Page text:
I attended the Modern Law Conference, which focused on the new world of ABS’s last week; a well attended and interesting event; particularly because there was a good number of unfamiliar faces there. The most interesting session for me was the one involving a panel mostly of investors who have actually invested in law firms, which included:
- Iain Kennedy from Duke Street (Parabis)
- John Llwelleyn-Lloyd from Espirito Santo
- Jordan Mayo from Smedvig Capital (MyHomeMove)
- Steve Arundale from NatWest
- Trevor Howarth from Stobart Group
The two key messages from this for me?
- For whatever reason, and we discussed a few - it has taken a long time for each investor and law firm that has taken up external investment to establish enough trust and a relationship between investor and law firm to get all parties comfortable enough to do a deal that can work for all. For both Parabis and MyHomeMove, there was a gestation period in the region of 6 years before any deal was done. This may accelerate now. However, well considered business relationships take time in any business sector and it would be normal in any sector for a relationship between business and investor to take at least a year to develop. Anyone acting hastily should be regarded warily. A key conclusion was that law firms that want to secure investors within the next two years need to be initiating discussions now. Lawyers need to recognise the role of investors in developing the business and their own role in what can become a quite different and faster moving business world once investment has been secured.
- Until now, the number of attractive investor deals has been very low. Jordan Mayo of Smedvig commented that they had probably had discussions with up to 100 firms over the years … but have only done one deal!
A useful resume of other key points from the Law Gazette …
Law firms will continue to be unattractive to private equity investors until they improve how they present their financial situation and partners invest their own cash, leading investors said recently. John Llewellyn-Lloyd, head of professional services at investment bank Espirito Santo, said external investment was the best way to ensure the future of firms, but potential backers were often put off by uncertainty over financials.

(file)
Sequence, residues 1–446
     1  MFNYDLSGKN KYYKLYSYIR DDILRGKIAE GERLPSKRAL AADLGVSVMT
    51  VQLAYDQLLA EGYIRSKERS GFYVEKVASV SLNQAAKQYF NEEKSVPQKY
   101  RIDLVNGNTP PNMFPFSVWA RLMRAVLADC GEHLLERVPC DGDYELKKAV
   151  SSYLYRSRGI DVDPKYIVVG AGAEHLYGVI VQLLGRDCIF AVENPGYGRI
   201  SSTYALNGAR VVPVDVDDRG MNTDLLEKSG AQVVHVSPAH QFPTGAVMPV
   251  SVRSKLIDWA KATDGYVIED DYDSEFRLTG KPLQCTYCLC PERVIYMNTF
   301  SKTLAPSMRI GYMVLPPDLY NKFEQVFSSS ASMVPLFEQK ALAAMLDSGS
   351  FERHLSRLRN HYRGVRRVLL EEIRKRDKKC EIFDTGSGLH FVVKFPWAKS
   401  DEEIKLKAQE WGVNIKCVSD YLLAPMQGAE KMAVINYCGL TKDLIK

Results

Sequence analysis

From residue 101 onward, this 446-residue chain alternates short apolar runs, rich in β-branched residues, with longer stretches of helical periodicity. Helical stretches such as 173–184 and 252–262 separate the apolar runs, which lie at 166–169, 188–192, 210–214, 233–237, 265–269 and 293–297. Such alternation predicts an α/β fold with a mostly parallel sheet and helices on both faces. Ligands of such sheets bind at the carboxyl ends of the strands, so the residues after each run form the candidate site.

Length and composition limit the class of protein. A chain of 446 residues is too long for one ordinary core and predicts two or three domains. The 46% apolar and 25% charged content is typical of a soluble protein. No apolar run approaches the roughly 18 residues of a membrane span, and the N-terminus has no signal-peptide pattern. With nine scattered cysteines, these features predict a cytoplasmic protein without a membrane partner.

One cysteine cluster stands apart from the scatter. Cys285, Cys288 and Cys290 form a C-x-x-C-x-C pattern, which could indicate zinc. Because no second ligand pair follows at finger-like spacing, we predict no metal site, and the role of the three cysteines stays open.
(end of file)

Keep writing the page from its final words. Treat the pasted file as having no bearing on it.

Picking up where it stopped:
Llewellyn-Lloyd told the Modern Law conference that up to 8,000 firms will seek mergers or disappear altogether over the next five to 10 years. ‘Bank debt will be far less plentiful in the future – the professional services industry is going to see less debt and if partners won’t put their hands in their pockets you will have to go to external investors,’ he said.
‘But they need to feel there is a culture of internal investment. It’s very important to have your existing revenue generators all keen on owning shares in the business – if they’re not it’s highly unlikely they’ll be first in the queue for investment.’
Jordan Mayo, managing director of equity investor Smedvig Capital, said a number of firms had approached his company about additional finance, but market uncertainty and the firms’ business plans had prevented any deals. ‘We’ve spoken to 50 to 100 firms in the last year but have not invested in one yet,’ he added.
Llewellyn-Lloyd said it was inevitable that medium-sized firms would reduce in number in the coming years as non-lawyers enter the market and big brands dominate. ‘The legal profession has 20 times more firms than accountancy, which itself is still consolidating,’ he said. ‘There is no way to go but efficiency and consolidation – there are likely to be a handful of firms left in the middle market.’
More interesting commentary on this article here